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In probability theory and statistics, Bayes's theorem (alternatively Bayes's law or Bayes's rule) is a result that is of importance in the mathematical manipulation of conditional probabilities. Bayes's rule can be derived from more basic axioms of probability, specifically conditional probability. When applied, the probabilities involved in Bayes's theorem may have any of a number of probability interpretations. In one of these interpretations, the theorem is used directly as part of a particular approach to statistical inference. ln particular, with the Bayesian interpretation of probability, the theorem expresses how a subjective degree of belief should rationally change to account for evidence: this is Bayesian inference, which is fundamental to Bayesian statistics. However, Bayes's theorem has applications in a wide range of calculations involving probabilities, not just in Bayesian inference. This video is targeted to blind users. Attribution: Article text available under CC-BY-SA Creative Commons image source in video
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In statistics, Bayesian inference is a method of inference in which Bayes' rule is used to update the probability estimate for a hypothesis as additional evidence is acquired. Bayesian updating is an important technique throughout statistics, and especially in mathematical statistics. For some cases, exhibiting a Bayesian derivation for a statistical method automatically ensures that the method works as well as any competing method. Bayesian updating is especially important in the dynamic analysis of a sequence of data. Bayesian inference has found application in a range of fields including science, engineering, philosophy, medicine and law. In the philosophy of decision theory, Bayesian inference is closely related to discussions of subjective probability, often called "Bayesian probability". Bayesian probability provides a rational method for updating beliefs. This video is targeted to blind users. Attribution: Article text available under CC-BY-SA Creative Commons image source in video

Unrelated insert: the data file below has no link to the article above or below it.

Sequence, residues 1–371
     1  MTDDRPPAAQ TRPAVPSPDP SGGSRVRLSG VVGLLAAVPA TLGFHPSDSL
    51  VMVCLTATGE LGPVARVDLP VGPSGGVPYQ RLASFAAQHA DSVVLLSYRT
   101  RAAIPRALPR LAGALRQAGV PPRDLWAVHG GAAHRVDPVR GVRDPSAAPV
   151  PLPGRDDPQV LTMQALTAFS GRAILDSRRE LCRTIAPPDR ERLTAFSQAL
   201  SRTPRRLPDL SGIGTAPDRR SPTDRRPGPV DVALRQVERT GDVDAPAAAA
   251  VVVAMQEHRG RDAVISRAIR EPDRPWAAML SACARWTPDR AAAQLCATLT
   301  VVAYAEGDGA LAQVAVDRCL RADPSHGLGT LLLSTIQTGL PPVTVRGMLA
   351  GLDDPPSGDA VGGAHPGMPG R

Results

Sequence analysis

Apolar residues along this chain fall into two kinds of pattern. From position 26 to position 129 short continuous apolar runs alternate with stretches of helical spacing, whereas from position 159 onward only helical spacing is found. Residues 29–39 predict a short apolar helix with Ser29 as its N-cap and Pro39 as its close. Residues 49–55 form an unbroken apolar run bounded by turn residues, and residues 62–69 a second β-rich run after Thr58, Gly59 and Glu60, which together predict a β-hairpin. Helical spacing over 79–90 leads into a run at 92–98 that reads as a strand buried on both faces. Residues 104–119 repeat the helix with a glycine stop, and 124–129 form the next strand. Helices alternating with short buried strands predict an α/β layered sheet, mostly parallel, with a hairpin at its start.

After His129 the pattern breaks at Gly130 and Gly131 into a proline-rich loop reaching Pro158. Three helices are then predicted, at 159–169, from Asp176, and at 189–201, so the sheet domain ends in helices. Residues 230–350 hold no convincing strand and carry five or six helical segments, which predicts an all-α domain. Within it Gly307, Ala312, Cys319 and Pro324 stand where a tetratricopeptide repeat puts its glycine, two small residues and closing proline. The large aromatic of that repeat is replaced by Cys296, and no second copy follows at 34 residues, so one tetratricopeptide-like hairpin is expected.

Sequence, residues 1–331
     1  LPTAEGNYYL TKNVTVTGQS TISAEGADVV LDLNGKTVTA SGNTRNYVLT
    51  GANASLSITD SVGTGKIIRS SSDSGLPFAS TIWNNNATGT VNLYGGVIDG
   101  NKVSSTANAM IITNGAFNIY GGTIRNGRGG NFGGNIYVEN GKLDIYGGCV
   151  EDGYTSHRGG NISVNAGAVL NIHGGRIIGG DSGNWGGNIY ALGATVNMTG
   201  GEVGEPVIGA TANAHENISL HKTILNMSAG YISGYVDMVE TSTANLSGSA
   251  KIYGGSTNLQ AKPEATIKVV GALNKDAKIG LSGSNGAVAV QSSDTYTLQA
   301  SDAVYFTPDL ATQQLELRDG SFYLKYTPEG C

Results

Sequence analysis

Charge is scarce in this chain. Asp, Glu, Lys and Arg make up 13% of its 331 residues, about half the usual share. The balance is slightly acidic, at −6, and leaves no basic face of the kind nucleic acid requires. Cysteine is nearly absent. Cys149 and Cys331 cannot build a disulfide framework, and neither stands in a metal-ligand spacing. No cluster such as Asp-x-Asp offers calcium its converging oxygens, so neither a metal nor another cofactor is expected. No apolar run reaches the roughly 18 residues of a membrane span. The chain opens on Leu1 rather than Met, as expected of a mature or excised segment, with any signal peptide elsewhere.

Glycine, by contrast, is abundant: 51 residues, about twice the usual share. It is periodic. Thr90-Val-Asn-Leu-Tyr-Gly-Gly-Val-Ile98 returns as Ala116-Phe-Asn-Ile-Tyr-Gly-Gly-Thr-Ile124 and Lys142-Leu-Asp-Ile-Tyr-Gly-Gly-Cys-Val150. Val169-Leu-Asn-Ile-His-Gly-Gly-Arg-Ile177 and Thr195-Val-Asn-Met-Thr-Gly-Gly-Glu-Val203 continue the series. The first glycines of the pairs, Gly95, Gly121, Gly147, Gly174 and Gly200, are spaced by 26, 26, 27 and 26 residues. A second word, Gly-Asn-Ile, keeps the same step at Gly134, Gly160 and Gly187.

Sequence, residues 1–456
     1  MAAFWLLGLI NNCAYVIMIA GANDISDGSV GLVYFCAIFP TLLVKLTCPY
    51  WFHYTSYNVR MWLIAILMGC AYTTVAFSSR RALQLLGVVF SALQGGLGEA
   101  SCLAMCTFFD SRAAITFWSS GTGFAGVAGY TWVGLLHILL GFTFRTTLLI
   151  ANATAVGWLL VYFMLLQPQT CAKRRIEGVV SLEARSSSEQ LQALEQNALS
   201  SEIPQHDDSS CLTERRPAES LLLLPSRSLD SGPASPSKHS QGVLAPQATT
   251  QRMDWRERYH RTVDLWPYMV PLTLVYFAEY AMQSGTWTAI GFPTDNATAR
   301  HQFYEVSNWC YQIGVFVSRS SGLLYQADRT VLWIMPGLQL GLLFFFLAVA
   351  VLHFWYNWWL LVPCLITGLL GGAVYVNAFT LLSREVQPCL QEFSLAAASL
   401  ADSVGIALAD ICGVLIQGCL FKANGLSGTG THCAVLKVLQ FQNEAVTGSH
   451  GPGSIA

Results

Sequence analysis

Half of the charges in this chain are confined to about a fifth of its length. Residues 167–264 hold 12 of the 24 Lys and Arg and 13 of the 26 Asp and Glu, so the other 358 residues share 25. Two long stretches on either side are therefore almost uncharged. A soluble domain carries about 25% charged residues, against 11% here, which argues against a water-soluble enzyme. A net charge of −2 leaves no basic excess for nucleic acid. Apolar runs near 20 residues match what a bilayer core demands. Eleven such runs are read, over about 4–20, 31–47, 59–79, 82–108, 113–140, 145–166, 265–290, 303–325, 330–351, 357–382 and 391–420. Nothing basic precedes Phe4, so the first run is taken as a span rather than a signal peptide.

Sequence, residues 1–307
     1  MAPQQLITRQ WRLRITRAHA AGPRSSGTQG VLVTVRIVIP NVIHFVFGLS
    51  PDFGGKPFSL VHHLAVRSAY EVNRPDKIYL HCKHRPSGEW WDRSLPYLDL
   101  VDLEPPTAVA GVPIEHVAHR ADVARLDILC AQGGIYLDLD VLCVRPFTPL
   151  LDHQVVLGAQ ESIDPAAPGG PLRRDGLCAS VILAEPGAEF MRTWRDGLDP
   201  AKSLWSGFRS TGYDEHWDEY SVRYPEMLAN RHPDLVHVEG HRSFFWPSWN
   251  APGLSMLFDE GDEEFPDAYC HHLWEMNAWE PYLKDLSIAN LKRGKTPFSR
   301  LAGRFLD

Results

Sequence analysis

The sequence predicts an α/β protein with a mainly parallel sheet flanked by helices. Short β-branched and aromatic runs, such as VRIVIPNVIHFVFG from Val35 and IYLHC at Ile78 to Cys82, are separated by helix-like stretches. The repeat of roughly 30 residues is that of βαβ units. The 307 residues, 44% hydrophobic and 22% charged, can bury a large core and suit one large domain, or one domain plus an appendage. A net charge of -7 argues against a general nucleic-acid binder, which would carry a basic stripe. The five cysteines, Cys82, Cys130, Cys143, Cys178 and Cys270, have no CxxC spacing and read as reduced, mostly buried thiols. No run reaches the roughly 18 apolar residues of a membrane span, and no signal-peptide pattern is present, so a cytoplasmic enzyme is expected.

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In Bayesian statistical inference, a prior probability distribution, often simply called the prior, of an uncertain quantity is the probability distribution that would express one's beliefs about this quantity before some evidence is taken into account. For example, the prior could be the probability distribution representing the relative proportions of voters who will vote for a particular politician in a future election. The unknown quantity may be a parameter of the model or a latent variable rather than an observable variable. Bayes' theorem calculates the renormalized pointwise product of the prior and the likelihood function, to produce the posterior probability distribution, which is the conditional distribution of the uncertain quantity given the data. This video is targeted to blind users. Attribution: Article text available under CC-BY-SA Creative Commons image source in video
Views: 1120 Audiopedia

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